The Mahabharata of Krishna-Dwaipayana Vyasa, Volume 3 eBook

This eBook from the Gutenberg Project consists of approximately 2,886 pages of information about The Mahabharata of Krishna-Dwaipayana Vyasa, Volume 3.


“Yudhishthira said, ’Hast thou, O grandsire, ever seen or heard of any mortal restored to life after having succumbed to death?’

“Bhishma said, ’Listen, O king, to this story of the discourse between a vulture and a jackal as happened of old.  Indeed, the occurrence took place in the forest of Naimisha.  Once upon a time a Brahmana had, after great difficulties, obtained a son of large expansive eyes.  The child died of infantile convulsions.  Some (amongst his kinsmen), exceedingly agitated by grief and indulging in loud lamentations, took up the boy of tender years, that sole wealth of his family.  Taking the deceased child they proceeded in the direction of the crematorium, Arrived there, they began to take the child from one another’s breast and cry more bitterly in grief.  Recollecting with heavy hearts the former speeches of their darling again and again, they were unable to return home casting the body on the bare ground.  Summoned by their cries, a vulture came there and said these words:  ’Go ye away and do not tarry, ye that have to cast off but one child.  Kinsmen always go away leaving on this spot thousands of men and thousands of women brought here in course of time.  Behold, the whole universe is subject to weal and woe.  Union and disunion may be seen in turns.  They that have come to the crematorium bringing with them the dead bodies of kinsmen, and they that sit by those bodies (from affection), themselves disappear from the world in consequence of their own acts when the allotted periods of their own lives run out.  There is no need of your lingering in the crematorium, this horrible place, that is full of vultures and jackals and that abounds with skeletons and inspires every creature with dread.  Whether friend or foe, no one ever comes back to life having once succumbed to the power of Time.  Such, indeed, is the fate of all creatures, In this world of mortals, every one that is born is sure to die.  Who shalt restore to life one that is dead and gone on the way ordained by the Destroyer?  At this hour when men are about to close their daily toil, the Sun is retiring to the Asta hills.  Go ye to your homes, casting off this affection for the child.’  Hearing these words of the vulture, the grief of the kinsmen seemed to abate, and placing the child on the bare ground they prepared to go away.  Assuring themselves of the fact that the child had died and despairing of seeing him again, they began to retrace their steps, indulging in loud lamentations.  Assured beyond doubt, and despairing of restoring the dead to life, they cast off that offspring of their race, and prepared to turn back from that spot.  At this time a jackal, black as a raven, issued out of his hole and addressed those departing kinsmen, saying, ’Surely, ye that are kinsmen of that deceased child have no affection.  There the sun still shineth in the sky, ye fools!  Indulge your feelings, without fear.  Multifarious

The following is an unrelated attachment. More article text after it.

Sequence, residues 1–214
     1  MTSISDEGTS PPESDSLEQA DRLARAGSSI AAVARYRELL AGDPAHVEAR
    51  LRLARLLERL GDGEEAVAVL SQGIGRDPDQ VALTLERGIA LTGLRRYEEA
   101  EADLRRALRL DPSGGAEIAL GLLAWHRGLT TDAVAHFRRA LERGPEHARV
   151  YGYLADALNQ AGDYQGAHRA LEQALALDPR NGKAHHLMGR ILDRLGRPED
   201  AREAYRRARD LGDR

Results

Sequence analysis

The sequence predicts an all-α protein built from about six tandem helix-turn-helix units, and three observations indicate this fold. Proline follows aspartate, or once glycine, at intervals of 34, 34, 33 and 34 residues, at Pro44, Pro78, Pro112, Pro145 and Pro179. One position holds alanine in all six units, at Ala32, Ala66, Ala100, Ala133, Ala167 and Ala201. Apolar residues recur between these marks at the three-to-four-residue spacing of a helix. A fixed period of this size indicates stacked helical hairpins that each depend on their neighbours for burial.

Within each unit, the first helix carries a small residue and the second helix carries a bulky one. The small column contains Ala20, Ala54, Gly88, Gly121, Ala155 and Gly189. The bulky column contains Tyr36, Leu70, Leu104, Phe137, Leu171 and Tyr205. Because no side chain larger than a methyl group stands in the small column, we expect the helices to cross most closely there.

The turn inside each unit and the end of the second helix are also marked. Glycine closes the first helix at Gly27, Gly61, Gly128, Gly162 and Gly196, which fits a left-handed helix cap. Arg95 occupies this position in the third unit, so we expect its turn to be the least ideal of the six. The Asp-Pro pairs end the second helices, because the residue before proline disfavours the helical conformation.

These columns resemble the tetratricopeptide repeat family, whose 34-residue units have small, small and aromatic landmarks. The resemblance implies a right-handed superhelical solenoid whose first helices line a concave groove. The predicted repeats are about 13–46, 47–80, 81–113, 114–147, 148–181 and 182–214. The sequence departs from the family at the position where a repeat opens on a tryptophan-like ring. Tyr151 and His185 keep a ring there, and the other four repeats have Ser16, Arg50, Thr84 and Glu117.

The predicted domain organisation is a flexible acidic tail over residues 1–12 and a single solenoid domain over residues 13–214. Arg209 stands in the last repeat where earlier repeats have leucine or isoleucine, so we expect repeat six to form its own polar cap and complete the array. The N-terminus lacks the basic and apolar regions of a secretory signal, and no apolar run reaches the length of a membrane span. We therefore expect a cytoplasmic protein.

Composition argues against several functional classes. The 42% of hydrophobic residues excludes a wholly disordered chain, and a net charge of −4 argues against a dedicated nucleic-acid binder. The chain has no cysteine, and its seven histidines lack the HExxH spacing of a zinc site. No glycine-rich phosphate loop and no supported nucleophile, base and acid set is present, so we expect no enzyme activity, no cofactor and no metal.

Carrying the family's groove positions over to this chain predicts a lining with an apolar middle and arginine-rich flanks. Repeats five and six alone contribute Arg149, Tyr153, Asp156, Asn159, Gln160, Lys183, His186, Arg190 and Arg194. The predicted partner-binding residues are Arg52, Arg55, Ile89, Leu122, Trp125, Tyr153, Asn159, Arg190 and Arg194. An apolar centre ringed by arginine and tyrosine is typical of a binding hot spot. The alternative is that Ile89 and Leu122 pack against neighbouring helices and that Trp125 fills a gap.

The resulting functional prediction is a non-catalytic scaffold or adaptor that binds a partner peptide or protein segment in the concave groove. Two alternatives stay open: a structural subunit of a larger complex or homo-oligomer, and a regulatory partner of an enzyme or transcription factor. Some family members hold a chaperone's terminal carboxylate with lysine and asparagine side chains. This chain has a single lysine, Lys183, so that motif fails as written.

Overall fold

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The Mahabharata of Krishna-Dwaipayana Vyasa, Volume 3 from Project Gutenberg. Public domain.
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